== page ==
Northern Communities Working Together: The Social Economy of Canada's North

By Hall, Rebecca Jane | Canadian Review of Social Policy, Spring 2016 | Go to article overview

Northern Communities Working Together: The Social Economy of Canada's North


Hall, Rebecca Jane, Canadian Review of Social Policy


Northern Communities Working Together: The Social Economy of Canada's North Edited by Chris Southcott. Toronto, On: University of Toronto Press, 2015, 304 pp. ISBN 9781442614185

The "social economy", as a conceptual framework, seeks to capture the value - economic and social - of work conducted by communities, organizations and individuals, 'that have social objectives central to their mission and their practice' (Quarter et al. in Weaver, 2013). Northern Communities Working Together: The Social Economy of Canada's North is a collection that uniquely applies the conceptual tools of the social economy to Canada's North (defined in this text as the Yukon, the Northwest Territories, Nunavut, Nunavik, and Labrador (Southcott, 2015, p.3). The collection is the product of The Social Economy Research Network of Northern Canada (SERNN°Ca), established in 2006; 1 it is edited by Chris Southcott and includes 13 chapters by 24 contributors.

In the introductory chapter to this text, Southcott notes that the term 'social economy' is, for the most part, not used in northern Canada and that it required explanation by the authors in their fieldwork. The novelty of the framework begs the question, how did the contributors determine that the social economy was the most effective analytical tool for their purposes; which are, developing insights on the social and economic landscape of Canada's North? Frances Abele, a member of SERNN°Ca and a contributor to this collection, provides a compelling response to this query, writing in 2009 that 'focusing on the social economy draws our analytical gaze to the local level, compelling an analysis that provides a helpful corrective to the policy studies that fix on large state initiatives and their motivations, and the broad brush economic debates about the northern economy. It promises to illuminate the unremarked efforts of volunteers, often women, and to integrate the non-waged helping and productive activity in to our understanding of northern development' (p.46). Adding to Abele's analytic imperative, Southcott opens the collection by framing the social economy as a critical space through which northern communities are facing contemporary socio-economic challenges; including the rapid social change associated with colonial pressures and the boom and bust cycles of resource extraction.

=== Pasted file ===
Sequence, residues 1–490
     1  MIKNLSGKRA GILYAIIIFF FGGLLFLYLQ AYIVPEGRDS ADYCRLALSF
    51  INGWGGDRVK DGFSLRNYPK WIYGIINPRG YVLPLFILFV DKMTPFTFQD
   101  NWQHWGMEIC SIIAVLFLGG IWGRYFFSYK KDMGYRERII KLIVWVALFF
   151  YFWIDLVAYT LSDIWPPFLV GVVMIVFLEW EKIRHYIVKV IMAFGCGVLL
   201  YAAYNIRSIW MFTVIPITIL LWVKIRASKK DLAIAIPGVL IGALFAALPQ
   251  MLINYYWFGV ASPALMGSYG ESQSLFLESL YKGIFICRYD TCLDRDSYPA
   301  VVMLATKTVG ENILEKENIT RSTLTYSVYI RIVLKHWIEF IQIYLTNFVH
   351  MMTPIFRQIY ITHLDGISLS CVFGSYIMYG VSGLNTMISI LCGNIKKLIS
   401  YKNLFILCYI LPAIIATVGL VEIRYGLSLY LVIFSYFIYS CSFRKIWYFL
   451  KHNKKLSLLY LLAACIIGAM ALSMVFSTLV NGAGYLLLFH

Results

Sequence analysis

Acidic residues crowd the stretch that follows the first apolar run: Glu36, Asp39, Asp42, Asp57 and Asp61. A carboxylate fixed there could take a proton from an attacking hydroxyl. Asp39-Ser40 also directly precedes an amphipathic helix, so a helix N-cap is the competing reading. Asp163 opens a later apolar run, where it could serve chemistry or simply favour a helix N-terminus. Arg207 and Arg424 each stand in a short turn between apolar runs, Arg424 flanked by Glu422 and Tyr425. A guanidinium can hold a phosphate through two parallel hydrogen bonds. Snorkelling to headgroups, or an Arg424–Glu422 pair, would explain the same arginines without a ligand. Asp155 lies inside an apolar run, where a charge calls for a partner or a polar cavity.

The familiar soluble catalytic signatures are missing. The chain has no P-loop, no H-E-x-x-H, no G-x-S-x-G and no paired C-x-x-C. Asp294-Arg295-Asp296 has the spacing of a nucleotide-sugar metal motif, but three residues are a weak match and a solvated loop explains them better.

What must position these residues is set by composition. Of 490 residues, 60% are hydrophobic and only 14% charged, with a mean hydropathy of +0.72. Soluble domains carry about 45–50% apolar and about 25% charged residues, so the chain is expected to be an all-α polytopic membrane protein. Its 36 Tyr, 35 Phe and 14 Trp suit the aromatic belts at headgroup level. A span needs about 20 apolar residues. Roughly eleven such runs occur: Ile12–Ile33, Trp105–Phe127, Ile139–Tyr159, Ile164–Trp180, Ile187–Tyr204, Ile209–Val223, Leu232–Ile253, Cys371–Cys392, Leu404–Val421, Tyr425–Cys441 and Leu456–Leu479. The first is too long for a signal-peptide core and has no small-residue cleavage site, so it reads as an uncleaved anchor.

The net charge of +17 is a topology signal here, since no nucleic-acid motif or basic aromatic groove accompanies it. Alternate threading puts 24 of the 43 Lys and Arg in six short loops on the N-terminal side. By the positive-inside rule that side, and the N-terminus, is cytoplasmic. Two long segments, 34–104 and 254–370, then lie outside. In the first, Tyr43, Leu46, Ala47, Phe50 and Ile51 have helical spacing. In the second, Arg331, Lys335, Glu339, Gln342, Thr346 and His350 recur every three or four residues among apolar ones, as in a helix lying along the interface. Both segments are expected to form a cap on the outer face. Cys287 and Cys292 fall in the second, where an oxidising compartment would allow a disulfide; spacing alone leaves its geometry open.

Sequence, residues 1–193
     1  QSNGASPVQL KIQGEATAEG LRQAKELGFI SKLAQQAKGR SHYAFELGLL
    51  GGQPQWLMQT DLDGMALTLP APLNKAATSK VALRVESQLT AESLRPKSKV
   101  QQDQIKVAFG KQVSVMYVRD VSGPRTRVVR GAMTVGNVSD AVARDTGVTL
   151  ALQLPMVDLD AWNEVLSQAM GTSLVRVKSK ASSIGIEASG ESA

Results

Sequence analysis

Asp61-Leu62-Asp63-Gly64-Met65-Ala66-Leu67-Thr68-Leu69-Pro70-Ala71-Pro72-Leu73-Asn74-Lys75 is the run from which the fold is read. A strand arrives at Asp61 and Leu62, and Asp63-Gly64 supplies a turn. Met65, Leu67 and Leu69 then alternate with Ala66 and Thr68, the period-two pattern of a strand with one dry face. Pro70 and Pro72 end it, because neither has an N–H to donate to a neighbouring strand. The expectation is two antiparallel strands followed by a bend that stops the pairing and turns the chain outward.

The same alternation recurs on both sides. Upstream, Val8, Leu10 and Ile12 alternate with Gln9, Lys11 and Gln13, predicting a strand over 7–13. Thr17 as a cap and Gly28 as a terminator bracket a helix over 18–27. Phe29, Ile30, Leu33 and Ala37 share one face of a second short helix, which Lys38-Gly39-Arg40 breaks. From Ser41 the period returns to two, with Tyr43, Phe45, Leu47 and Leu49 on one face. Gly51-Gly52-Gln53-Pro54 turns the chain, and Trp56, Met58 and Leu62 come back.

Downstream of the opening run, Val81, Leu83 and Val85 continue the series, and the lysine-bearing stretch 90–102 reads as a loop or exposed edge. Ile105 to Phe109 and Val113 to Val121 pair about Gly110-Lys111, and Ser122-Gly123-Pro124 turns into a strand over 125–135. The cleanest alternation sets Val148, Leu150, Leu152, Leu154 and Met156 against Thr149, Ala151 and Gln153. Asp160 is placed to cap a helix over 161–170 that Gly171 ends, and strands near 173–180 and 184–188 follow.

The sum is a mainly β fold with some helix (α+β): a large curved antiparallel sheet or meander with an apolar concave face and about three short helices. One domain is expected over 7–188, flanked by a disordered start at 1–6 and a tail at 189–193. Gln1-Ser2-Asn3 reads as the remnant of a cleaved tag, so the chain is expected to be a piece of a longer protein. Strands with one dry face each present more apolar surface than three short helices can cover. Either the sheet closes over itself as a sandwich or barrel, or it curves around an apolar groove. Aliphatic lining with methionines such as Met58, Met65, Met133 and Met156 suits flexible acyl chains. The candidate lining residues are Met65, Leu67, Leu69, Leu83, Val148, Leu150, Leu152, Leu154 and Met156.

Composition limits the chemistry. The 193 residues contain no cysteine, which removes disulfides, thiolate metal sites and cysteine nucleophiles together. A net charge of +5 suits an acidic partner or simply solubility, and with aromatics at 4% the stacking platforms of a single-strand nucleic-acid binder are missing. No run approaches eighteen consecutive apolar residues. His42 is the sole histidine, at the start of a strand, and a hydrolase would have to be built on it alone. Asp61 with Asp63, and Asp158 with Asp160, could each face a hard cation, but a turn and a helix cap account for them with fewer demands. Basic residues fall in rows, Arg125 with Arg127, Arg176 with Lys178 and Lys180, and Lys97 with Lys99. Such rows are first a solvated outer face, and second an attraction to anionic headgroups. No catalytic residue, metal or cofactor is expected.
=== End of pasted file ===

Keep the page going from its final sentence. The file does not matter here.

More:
The collection takes up the northern 'social economy', then, with an aim of specificity, rather than consistency, across chapters; a choice that yields a rich tapestry of socio-economic accounts. Indeed, the varied approaches the authors deploy speak to the distinct local socioeconomic tendencies within the North. Specificity is achieved through the analytic flexibility fostered in this collection, tied together through three notable characteristics of the northern social economy that are introduced in Chapter One and provide an organizing function throughout the text, weaving together the diverse analyses: these three characteristics are the mixed economy; the role of the State in the North; and northern resource exploitation. The chapters are divided into groupings: the first grouping is a series of overview chapters that cover the North as a whole; the next grouping of chapters takes social economy concepts prevalent in southern Canada - notably research on volunteerism and cooperatives - and applies them to the northern context; while the last grouping focuses on the specificities of the social economy of northern Indigenous communities. …

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